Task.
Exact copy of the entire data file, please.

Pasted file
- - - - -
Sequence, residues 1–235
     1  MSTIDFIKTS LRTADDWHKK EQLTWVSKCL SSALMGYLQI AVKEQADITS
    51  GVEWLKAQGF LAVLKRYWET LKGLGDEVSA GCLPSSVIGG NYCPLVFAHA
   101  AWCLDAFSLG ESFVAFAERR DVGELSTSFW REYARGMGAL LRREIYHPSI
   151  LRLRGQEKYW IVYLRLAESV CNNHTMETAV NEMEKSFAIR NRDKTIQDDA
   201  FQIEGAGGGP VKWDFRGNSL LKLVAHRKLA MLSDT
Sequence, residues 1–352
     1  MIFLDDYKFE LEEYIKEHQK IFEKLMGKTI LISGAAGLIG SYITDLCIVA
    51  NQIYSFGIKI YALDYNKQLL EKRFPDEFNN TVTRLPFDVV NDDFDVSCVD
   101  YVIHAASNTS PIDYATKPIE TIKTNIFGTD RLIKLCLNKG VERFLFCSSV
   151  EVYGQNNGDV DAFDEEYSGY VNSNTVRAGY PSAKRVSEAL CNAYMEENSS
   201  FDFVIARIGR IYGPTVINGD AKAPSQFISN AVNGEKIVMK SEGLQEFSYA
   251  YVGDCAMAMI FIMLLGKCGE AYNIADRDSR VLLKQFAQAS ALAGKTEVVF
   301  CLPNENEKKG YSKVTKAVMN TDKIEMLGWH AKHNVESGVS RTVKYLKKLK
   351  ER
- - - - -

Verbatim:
Sequence, residues 1–235
     1  MSTIDFIKTS LRTADDWHKK EQLTWVSKCL SSALMGYLQI AVKEQADITS
    51  GVEWLKAQGF LAVLKRYWET LKGLGDEVSA GCLPSSVIGG NYCPLVFAHA
   101  AWCLDAFSLG ESFVAFAERR DVGELSTSFW REYARGMGAL LRREIYHPSI
   151  LRLRGQEKYW IVYLRLAESV CNNHTMETAV NEMEKSFAIR NRDKTIQDDA
   201  FQIEGAGGGP VKWDFRGNSL LKLVAHRKLA MLSDT
Sequence, residues 1–352
     1  MIFLDDYKFE LEEYIKEHQK IFEKLMGKTI LISGAAGLIG SYITDLCIVA
    51  NQIYSFGIKI YALDYNKQLL EKRFPDEFNN TVTRLPFDVV NDDFDVSCVD
   101  YVIHAASNTS PIDYATKPIE TIKTNIFGTD RLIKLCLNKG VERFLFCSSV
   151  EVYGQNNGDV DAFDEEYSGY VNSNTVRAGY PSAKRVSEAL CNAYMEENSS
   201  FDFVIARIGR IYGPTVINGD AKAPSQFISN AVNGEKIVMK SEGLQEFSYA
   251  YVGDCAMAMI FIMLLGKCGE AYNIADRDSR VLLKQFAQAS ALAGKTEVVF
   301  CLPNENEKKG YSKVTKAVMN TDKIEMLGWH AKHNVESGVS RTVKYLKKLK
   351  ER